High Tech on the Low hosted by Jordan Kastrinsky, is on a mission to make high tech accessible to the world. In my podcast, I explore the many different facets of the world of high tech from development to marketing, to sales, to entrepreneurship and more! With society turning ever more towards technological solutions to make processes more efficient and secure, it is important, now more than ever, that we unite the high-tech sector's collective resources under one roof to reap the benefits of this knowledge-sharing. There is so much opportunity out there to grow within the industry that we must provide the tools through which to do so.
A self-proclaimed “semiconductor-nerd”, Renana’s start as a principal at Grove Ventures may not seem like the most straightforward, traditional path into the world of venture capital. Having begun her career as an engineer at Applied Materials moving from development to product, Renana spent much of her time learning the world of tech and becoming deeply engrossed in its developments until leaving for the states for her masters. After completing her degree at Northwestern University, and a baptism into the startup world through the fire of an unsuccessful venture, combined yet with another stint at Applied Materials, Renana eventually met Israeli tech-legend, Dov Moran, and after some conversations soon joined Grove.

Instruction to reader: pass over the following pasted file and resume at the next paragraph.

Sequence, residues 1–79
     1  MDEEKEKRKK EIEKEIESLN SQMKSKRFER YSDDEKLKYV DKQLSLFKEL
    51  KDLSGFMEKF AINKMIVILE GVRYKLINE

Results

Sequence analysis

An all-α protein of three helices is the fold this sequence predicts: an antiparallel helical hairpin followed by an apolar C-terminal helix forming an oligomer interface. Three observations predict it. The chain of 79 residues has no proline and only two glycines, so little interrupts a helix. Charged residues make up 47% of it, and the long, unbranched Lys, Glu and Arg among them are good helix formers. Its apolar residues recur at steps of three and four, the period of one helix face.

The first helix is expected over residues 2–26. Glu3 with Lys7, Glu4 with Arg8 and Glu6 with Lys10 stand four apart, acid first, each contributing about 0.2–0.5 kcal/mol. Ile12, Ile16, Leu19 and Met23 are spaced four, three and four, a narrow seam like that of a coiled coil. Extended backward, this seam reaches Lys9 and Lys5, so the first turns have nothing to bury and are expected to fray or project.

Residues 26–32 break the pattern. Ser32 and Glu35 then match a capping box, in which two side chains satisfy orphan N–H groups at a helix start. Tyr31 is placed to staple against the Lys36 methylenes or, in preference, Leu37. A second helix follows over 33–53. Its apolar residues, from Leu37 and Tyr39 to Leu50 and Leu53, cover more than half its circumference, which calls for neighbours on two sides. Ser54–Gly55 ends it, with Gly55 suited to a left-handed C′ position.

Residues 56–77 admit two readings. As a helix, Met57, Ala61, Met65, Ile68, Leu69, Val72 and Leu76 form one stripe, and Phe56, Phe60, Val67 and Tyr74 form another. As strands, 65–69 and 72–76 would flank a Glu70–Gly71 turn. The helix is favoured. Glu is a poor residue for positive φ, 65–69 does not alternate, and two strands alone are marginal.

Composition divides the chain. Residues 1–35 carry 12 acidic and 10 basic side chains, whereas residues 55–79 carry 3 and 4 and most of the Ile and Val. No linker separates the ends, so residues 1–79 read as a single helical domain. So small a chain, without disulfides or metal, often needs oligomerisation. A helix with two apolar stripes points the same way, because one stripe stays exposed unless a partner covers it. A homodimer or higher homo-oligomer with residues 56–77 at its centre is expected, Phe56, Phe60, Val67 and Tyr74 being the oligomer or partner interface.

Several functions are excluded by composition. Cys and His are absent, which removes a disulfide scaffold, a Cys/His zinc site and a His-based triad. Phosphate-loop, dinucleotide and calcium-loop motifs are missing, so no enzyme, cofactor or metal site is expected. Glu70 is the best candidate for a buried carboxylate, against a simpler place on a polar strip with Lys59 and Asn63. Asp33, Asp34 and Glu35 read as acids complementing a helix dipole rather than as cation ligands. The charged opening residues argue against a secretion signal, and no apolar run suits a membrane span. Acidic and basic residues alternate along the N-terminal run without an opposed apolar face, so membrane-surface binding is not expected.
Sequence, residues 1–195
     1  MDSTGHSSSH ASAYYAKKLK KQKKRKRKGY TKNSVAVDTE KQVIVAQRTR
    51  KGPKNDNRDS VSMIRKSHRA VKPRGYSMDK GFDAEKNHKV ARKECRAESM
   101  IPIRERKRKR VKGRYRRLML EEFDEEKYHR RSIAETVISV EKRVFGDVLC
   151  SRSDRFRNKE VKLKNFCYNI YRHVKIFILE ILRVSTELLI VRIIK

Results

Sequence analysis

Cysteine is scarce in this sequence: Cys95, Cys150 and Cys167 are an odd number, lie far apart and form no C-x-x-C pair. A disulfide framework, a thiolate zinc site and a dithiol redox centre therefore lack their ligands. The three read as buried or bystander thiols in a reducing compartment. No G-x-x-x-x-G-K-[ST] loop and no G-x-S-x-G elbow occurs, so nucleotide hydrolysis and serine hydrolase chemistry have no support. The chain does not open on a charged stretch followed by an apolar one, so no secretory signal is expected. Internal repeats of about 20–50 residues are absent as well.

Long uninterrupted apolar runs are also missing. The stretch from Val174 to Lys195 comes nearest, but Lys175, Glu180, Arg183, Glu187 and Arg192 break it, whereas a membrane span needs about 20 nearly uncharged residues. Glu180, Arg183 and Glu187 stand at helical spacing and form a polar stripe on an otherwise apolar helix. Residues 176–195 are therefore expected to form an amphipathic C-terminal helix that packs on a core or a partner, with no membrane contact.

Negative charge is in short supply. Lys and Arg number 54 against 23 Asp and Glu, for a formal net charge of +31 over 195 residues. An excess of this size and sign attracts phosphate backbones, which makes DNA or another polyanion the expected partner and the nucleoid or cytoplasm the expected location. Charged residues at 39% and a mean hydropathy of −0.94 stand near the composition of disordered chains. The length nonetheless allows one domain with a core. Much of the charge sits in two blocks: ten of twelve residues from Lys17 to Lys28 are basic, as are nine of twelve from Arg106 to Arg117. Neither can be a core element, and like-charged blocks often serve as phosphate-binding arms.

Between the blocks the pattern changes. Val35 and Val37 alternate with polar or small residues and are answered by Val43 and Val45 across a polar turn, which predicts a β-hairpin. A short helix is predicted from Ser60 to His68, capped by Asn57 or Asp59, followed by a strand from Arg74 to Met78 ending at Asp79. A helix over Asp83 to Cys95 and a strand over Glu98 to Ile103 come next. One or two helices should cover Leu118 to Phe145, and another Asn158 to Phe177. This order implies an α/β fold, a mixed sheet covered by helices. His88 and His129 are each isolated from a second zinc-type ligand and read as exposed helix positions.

Renana has grown with Grove and, today, she serves as a General Partner, overseeing investments and the firm’s current portfolio companies. “I started at the end of our first fund, Grove 1, and now we are investing out of our third fund, and all in all we are managing half a billion dollars.” She stresses that at Grove, they pride themselves in really providing a service beyond the investments, one that helps position their companies in the market with a solid foundation through a close escort they offer their companies.
Yet, it would be a mistake to assume all venture capital funds are like this. As Renana hints, “not all VCs are created equal” and it is important to really assess each VC (or investor, in general) before deciding whether they are the right investment opportunity for your startup. More importantly, Renana knows how to evaluate the right opportunity for Grove as well.
In Renana’s view, it is the team that is truly the driving mechanism behind any venture. “We invest in teams - give me a mediocre product, but a fantastic founding team over a fantastic product and mediocre team any day.” At the end of the day, a rockstar team can make a venture just as a losing team can destroy it and be unable to endure the challenges that come with a startup. Still, she emphasizes that when pitching to investors founders must do their homework.
“There is a clear difference between not knowing because you thought it wasn’t important or you didn’t consider it versus not knowing because you actually don’t know something,” Renana highlights. Founders need to understand that they must come prepared to any investor presentation and be ready to impress. One key way of impressing an investor, according to Renana, and at least for her is market validation.
When she describes the fund's companies “you see about a third of our companies are the crazy things, the things pushing the frontier and the rest are a variety of tech ventures, but we invest in 'venturable' solutions.” What does she mean? They invest in businesses - things that can make money. So, if you are coming to an investor and can prove the market needs it, well, then you may just have a winning venture.
“The most important thing an entrepreneur has is his/her time - so look into the VCs, see if they are worth your time, and when you come, show me anything about validation, that’s what I’m really looking for.”